And let’s face it if we were advising the US President, this is what we would tell him to do – build a solar industry, introduce some form of carbon market, and a carbon border adjustment mechanism, and then US panels would cost a little more, but be made without coal-based electricity, and bunker fuel transportation emissions – so that Chinese panels would suddenly be at a price disadvantage commercially.
The Consortium has launched a competitive RFP to search for qualified manufacturers who are aligned with the consortium’s goals and can commit to a long-term strategic partnership to supply up to 7 GW of solar modules per year starting from 2024. The group said that increasing domestic US solar supply chains would create lasting resiliency and alleviate industry constraints.
“Our group of companies comprise industry leaders that are committed to delivering cost-effective, renewable power for our customers. Our joint commitment to procure at this scale can provide the certainty suppliers need to ramp up capacity and overcome current supply chain constraints,” said David Zwillinger, DESRI’s CEO.
Rethink Energy has been asked a number of times what should solar firms do for immediate solar development– well now suppliers are off the hook for the next 24 months and can buy from anywhere in the world – but they will have to think about the acceleration in solar that the US needs – the Rethink Energy forecast for US solar installations has it going from 21 GW in 2022 (which it will fall short of) to 44 GW and 50.6 GW in 2023 and 2024 – something that will need all the domestic supply arrangements that US investors can muster.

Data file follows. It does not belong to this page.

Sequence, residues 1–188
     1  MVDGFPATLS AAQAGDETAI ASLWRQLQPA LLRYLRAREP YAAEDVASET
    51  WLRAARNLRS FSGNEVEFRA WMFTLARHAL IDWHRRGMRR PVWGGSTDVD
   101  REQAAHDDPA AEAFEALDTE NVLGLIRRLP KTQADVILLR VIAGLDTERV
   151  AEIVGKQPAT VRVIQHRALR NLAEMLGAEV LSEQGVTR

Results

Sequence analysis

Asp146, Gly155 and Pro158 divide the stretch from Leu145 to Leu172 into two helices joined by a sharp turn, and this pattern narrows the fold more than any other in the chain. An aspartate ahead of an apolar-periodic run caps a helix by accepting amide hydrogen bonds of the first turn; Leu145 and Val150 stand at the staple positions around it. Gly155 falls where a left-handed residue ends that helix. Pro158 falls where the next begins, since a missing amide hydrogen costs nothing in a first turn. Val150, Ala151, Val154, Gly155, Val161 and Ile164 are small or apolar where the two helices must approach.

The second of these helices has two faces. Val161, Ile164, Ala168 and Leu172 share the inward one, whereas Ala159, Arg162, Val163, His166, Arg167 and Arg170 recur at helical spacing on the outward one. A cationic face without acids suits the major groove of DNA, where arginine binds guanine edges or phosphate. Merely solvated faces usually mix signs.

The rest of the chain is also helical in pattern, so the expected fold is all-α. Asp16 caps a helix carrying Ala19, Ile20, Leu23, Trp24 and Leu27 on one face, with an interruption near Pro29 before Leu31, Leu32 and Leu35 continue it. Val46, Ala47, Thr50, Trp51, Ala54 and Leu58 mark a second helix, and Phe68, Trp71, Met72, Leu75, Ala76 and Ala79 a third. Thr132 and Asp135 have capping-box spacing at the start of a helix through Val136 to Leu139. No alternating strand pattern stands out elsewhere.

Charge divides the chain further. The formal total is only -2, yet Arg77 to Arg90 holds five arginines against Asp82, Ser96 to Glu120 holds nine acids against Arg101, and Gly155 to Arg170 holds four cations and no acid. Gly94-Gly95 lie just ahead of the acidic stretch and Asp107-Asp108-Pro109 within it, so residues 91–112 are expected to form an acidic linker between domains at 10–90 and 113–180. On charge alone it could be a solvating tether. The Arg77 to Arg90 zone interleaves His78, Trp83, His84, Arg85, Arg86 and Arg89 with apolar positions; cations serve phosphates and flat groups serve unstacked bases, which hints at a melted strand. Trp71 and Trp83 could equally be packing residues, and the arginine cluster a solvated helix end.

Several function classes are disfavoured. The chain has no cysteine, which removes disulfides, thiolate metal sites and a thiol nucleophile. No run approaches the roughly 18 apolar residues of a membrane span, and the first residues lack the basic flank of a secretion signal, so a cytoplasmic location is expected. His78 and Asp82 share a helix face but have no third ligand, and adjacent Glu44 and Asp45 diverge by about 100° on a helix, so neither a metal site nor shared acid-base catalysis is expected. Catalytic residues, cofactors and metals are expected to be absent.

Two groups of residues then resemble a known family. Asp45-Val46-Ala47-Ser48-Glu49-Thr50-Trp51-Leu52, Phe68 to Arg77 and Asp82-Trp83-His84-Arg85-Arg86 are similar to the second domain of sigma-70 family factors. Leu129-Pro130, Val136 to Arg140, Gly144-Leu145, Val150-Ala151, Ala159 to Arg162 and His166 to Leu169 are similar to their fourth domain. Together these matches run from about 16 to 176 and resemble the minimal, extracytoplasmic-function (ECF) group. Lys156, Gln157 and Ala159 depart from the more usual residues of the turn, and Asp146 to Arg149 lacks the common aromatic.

The consortium says that promoting on-shoring of module supplies will create 250,000 permanent jobs and 50,000 new construction jobs by 2035.
As we said, if you are in solar development and you are NOT in a buyers club like this – either join one or start one now.
“The Consortium has a large and growing pipeline of solar projects in the United States, and we are committed to supporting America’s clean energy transition,” said Andrés Gluski, AES President and CEO. “We’re working together with customers of all kinds to decarbonize their operations and the grid.”
“Today’s announcement from the Consortium is just one step toward bolstering America’s solar supply chain,” said Craig Cornelius, CEO of Clearway Energy Group. “With legislation pending before Congress, policymakers can scale our domestic manufacturing workforce and restore our country’s legacy as a manufacturing leader. We appreciate the Biden administration’s commitment to invest in American workers and urge lawmakers to seize this opportunity.”